The objects and images on the topmost layer represent pieces of the conversations I had, or things that come to mind when I think of the person. They are my own decisions—a projection of myself onto that person. In a way, they are self-portraits, since I am an artist who communicates using the objects around me—I needed to paint others in order to paint myself. Perhaps that was the purpose of this project. Only when I realize that I am also a person, and it is impossible for me to fully understand myself, can I begin to truly empathize with others; because we all share the same experience of being human.
Lucia Nhamo: Portrait of a Decade: Zimbabwe 1999-2009
Portrait of a Decade is a retrospective of the day-to-day struggles facing the people of Zimbabwe between 1999 and 2009. Growing up in Zimbabwe for the most part of the last decade made me aware of the inextricable ties between the personal and the political. I am interested in the ways that the repercussions produced by political decisions play out in people’s everyday lives. The line “It’s not politics, it’s life,” from the novel A Grain of Wheat by renowned Kenyan author Ngugi wa Thiong’o, has been of seminal influence in my work.
The ten year period of socio-economic decline and political turmoil in Zimbabwe was chiefly set into motion by the unlawful seizures of commercially owned farmland. The decade was and characterized by political oppression, state-perpetrated human rights offences and an economic meltdown. This decade also saw the rise of the political opposition Movement For Democratic Change (MDC) that has posed the largest threat to the Mugabe-led Zimbabwe African National Union-Patriotic Front (ZANU-PF) since the country’s Independence in 1980. Following a 2008 election period marred by state-perpetrated violence and intimidation, the main political parties formed a government of national unity in 2009. In that year, the government also adopted the U.S. dollar as its official trading currency, abandoning the already largely defunct Zimbabwe dollar and putting an end to hyperinflation.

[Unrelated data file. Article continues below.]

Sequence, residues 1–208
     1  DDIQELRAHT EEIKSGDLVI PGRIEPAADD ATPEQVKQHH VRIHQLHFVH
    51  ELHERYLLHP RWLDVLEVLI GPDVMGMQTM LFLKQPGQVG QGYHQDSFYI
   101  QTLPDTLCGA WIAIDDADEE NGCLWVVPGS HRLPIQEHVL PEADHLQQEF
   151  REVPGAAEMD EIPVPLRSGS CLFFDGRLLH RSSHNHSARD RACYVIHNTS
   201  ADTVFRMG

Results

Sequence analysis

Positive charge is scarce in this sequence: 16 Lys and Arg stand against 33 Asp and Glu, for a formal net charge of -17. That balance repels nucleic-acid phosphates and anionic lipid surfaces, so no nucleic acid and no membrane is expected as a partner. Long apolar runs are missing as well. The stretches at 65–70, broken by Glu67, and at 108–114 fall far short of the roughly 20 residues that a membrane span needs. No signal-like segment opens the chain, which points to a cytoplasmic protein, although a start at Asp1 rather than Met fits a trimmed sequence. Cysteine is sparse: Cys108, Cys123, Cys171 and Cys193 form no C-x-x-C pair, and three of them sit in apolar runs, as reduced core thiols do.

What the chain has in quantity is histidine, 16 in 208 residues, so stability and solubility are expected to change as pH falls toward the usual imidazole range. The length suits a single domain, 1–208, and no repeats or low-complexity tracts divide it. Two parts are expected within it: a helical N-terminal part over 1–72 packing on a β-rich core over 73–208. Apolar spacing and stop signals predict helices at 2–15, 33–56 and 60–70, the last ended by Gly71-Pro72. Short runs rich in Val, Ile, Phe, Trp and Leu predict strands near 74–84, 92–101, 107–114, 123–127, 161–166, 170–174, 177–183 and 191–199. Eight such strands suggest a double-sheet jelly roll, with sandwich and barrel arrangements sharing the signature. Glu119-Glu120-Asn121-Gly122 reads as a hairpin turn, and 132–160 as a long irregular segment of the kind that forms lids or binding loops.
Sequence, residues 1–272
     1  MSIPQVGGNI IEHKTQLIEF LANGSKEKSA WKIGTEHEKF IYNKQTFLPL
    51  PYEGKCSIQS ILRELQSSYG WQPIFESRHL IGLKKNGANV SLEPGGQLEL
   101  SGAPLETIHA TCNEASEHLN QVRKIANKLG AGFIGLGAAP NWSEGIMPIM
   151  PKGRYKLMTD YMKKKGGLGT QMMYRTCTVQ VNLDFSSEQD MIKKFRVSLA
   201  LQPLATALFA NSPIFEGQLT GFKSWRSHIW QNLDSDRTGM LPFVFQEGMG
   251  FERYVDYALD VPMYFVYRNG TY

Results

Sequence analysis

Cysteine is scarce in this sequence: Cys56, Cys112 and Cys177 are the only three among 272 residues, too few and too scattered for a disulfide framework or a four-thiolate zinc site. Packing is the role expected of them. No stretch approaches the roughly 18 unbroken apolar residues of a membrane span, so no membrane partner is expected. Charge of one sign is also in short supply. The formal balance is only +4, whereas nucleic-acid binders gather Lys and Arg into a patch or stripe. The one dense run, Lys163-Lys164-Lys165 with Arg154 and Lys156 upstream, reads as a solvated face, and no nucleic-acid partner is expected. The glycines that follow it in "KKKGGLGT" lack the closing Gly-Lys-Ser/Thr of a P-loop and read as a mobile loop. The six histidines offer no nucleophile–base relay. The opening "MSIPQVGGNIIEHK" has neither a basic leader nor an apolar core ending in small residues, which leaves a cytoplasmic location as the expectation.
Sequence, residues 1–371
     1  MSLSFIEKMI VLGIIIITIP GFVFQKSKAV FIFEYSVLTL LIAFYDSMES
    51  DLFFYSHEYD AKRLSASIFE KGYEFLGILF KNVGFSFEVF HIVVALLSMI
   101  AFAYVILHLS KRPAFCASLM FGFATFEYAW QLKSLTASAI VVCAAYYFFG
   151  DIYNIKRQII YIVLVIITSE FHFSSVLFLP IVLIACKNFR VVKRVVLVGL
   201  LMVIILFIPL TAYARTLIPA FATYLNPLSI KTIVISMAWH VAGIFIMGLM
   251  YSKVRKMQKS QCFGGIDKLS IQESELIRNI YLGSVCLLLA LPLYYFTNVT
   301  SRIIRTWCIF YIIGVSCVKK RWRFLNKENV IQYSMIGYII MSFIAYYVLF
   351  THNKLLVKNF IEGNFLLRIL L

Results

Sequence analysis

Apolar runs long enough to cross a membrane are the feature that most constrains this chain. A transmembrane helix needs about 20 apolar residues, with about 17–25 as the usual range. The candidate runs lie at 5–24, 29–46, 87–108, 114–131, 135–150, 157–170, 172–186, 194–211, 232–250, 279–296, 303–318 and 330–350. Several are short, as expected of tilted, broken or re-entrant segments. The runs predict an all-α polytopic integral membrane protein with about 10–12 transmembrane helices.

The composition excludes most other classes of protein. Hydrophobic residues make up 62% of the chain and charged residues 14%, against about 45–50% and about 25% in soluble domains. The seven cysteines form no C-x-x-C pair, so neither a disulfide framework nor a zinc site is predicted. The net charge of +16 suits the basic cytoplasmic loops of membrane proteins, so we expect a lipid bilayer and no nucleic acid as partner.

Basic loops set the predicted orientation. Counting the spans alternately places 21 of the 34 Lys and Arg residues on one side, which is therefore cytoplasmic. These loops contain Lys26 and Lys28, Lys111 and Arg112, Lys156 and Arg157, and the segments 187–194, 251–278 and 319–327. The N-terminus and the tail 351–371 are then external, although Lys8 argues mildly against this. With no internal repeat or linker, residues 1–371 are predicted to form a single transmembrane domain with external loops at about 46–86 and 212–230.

Through my mother’s personal recollections of life during this time and, using images of everyday scenes and activities shot in Zimbabwe in December 2010 as visual metaphors, Portrait of a Decade explores these experiences and investigates the effect of national politics on personal reality.
Sarah Shaer: Burj Al Arab: Icon and Façade
Dubai has become known globally for its megaprojects. It has the tallest building in the world, the only palm and world shaped man made islands in the world, working towards building the biggest mall in the world and the world is noticing. Dubai, a scholar notes, is “establishing relevance by ‘obsessively building itself into significance’…the only way it can create this significance is by exaggeration, focusing on superlatives (the tallest, the biggest, etc.) (Eleshawy, 138).
My work focuses on this obsessive need to build a city into significance by using Burj Al Arab, the first of Dubai’s spectacles and icons as a lens. Burj Al Arab is one of tallest hotels in the world standing at 321 meters high. The hotel, it’s website informs, is designed to resemble a “billowing sail”. It is an all-suite luxury hotel that “reflects the very finest that the world has to offer.” Apart from its very practical function as a self-described seven star hotel, Burj Al Arab was designed with icon-status in mind. As architect Tom Wright explains in an interview, the building was intended to be iconic, comparable to the Sydney Opera House or the Eiffel Tower. Furthermore the building stands on it’s own island 270 meters off the coast. Through the Burj as a lens, I examine the way in which Dubai’s buildings, and specifically this building serve to create a national identity and image and how this process of creating identity through spectacles has created a façade in the city.